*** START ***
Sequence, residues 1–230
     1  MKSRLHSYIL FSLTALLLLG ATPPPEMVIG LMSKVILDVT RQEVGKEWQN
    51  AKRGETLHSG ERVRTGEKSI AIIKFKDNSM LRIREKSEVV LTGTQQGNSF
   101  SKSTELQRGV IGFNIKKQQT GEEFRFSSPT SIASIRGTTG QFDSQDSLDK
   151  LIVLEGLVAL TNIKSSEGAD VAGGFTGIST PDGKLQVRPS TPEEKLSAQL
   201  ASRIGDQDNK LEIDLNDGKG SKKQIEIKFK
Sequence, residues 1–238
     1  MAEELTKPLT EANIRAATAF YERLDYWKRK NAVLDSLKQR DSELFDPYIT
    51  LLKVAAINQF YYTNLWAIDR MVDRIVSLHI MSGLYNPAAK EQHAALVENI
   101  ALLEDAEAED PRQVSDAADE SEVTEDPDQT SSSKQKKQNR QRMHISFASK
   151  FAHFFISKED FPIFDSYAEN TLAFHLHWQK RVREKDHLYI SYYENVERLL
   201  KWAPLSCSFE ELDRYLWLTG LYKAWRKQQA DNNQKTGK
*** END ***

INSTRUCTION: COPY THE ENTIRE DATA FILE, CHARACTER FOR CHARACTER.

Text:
Sequence, residues 1–230
     1  MKSRLHSYIL FSLTALLLLG ATPPPEMVIG LMSKVILDVT RQEVGKEWQN
    51  AKRGETLHSG ERVRTGEKSI AIIKFKDNSM LRIREKSEVV LTGTQQGNSF
   101  SKSTELQRGV IGFNIKKQQT GEEFRFSSPT SIASIRGTTG QFDSQDSLDK
   151  LIVLEGLVAL TNIKSSEGAD VAGGFTGIST PDGKLQVRPS TPEEKLSAQL
   201  ASRIGDQDNK LEIDLNDGKG SKKQIEIKFK
Sequence, residues 1–238
     1  MAEELTKPLT EANIRAATAF YERLDYWKRK NAVLDSLKQR DSELFDPYIT
    51  LLKVAAINQF YYTNLWAIDR MVDRIVSLHI MSGLYNPAAK EQHAALVENI
   101  ALLEDAEAED PRQVSDAADE SEVTEDPDQT SSSKQKKQNR QRMHISFASK
   151  FAHFFISKED FPIFDSYAEN TLAFHLHWQK RVREKDHLYI SYYENVERLL
   201  KWAPLSCSFE ELDRYLWLTG LYKAWRKQQA DNNQKTGK